Archives: Seasons 1-5
Web Feature | Environment

Starlight, Starbright...

Note: Click on the square at the lower right corner to enjoy the slideshow full screen.

The night sky has been the stuff of myth and legend since ancient times. Our earliest ancestors used the stars as a calendar, a source of navigation, a guide to planting — and star-gazing might well have been the first form of nighttime entertainment.

What is the source of our fascination? Perhaps it is because the stars are so mysterious that we can assign them any meaning we want. You can wish upon a star, follow your star, or gaze upon a star; even the great Leonardo da Vinci once wrote “Obstacles cannot crush me. Every obstacle yields to stern resolve. He who is fixed to a star does not change his mind.”

Robert Frost wrote fancifully of fixing your dream on the stars in his poem about the constellation Canis Major:

I'm a poor underdog,
But tonight I will bark
With the great Overdog
That romps through the dark.

Light pollution has already changed the experience of star-gazing for children in the 21st century: for 9 of 10 Americans the sky is so bright they effectively live in perpetual moonlight; for 8 of 10 the night sky never gets darker than the end of twilight, and 2 out of 3 Americans can no longer see the Milky Way.

There are still places to view the sky in total darkness, although in Southern California they are vanishing especially fast. Thankfully for those of us who can’t get to these dark sky locations, a dedicated group of astrophotographers is preserving the night sky. The slideshow above shares spectacular images from some of these acclaimed professionals, as well as a few amateurs.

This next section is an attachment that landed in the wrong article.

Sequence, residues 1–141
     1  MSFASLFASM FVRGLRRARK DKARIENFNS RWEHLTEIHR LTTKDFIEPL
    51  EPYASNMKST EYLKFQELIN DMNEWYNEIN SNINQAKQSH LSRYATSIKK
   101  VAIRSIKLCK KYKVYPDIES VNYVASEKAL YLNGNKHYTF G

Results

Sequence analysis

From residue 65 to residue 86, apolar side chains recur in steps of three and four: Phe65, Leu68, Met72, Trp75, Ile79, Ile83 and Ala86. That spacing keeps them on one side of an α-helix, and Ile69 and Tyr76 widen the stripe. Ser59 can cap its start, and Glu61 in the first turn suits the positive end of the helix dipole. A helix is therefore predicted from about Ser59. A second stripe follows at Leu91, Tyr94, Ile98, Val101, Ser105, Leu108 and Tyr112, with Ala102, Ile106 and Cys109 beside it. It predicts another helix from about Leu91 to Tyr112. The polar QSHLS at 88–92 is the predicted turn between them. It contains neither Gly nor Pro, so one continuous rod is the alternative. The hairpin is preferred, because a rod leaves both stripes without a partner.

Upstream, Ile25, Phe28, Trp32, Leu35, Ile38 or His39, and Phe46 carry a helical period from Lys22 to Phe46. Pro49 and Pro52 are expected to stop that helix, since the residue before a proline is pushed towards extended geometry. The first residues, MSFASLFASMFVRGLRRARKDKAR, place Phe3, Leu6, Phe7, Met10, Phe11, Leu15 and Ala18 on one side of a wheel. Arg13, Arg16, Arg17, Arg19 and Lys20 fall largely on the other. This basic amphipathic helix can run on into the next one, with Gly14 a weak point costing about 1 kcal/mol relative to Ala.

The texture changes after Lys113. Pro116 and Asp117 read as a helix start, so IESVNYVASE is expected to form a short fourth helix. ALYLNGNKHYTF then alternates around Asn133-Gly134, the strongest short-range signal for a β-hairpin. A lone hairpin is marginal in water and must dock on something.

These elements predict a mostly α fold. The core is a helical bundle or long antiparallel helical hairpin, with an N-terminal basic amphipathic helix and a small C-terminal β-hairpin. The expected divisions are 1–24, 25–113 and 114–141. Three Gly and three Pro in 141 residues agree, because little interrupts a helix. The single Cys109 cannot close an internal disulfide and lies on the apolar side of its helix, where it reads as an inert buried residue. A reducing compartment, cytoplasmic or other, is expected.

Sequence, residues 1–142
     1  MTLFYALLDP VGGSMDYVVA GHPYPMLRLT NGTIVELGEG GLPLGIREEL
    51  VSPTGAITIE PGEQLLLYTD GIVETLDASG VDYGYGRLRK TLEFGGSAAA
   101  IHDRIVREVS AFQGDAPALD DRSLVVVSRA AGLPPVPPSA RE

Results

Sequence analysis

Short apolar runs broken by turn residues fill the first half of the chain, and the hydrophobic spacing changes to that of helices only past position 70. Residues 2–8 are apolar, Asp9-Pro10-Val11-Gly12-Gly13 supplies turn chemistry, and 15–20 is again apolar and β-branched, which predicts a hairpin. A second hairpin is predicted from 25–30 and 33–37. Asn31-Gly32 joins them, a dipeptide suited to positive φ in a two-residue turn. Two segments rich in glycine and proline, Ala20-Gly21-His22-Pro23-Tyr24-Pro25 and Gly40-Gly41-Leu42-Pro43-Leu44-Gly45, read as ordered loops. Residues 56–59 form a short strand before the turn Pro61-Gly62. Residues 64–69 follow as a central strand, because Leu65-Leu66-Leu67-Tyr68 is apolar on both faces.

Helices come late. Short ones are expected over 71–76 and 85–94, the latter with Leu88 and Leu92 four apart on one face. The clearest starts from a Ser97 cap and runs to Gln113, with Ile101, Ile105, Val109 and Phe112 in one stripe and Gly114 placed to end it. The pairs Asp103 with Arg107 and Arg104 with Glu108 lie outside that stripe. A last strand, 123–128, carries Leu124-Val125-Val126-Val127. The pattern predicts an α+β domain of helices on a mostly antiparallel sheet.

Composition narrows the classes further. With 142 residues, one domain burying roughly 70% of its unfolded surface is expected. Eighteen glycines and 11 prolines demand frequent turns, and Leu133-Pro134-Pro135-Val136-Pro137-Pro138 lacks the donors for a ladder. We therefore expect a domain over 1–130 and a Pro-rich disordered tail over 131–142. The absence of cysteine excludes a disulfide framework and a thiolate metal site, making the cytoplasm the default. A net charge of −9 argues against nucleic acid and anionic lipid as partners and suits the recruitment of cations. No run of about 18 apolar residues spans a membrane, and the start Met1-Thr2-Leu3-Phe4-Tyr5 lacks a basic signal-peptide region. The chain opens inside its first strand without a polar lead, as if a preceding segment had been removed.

Wally Pacholka's Photos
Dennis Mammana's Photos
The World At Night (TWAN)
Study on Light Pollution
Night Sky Image

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It is a reasonable and worthy goal to bring starlight back over the cities and the Milky Way in all its splendor to within a 1hour's drive of every person. If we each did a little bit of activism at least on a local level and paid attention to the lighting we choose over our homes and businesses we will make a difference.


Kudos to the efforts and photographic talents of Wally and others who help us realize the cosmic splendor that is all around us. These photographs are sources of inspiration for each of us to do something to bring starlight back for all, including future generations.

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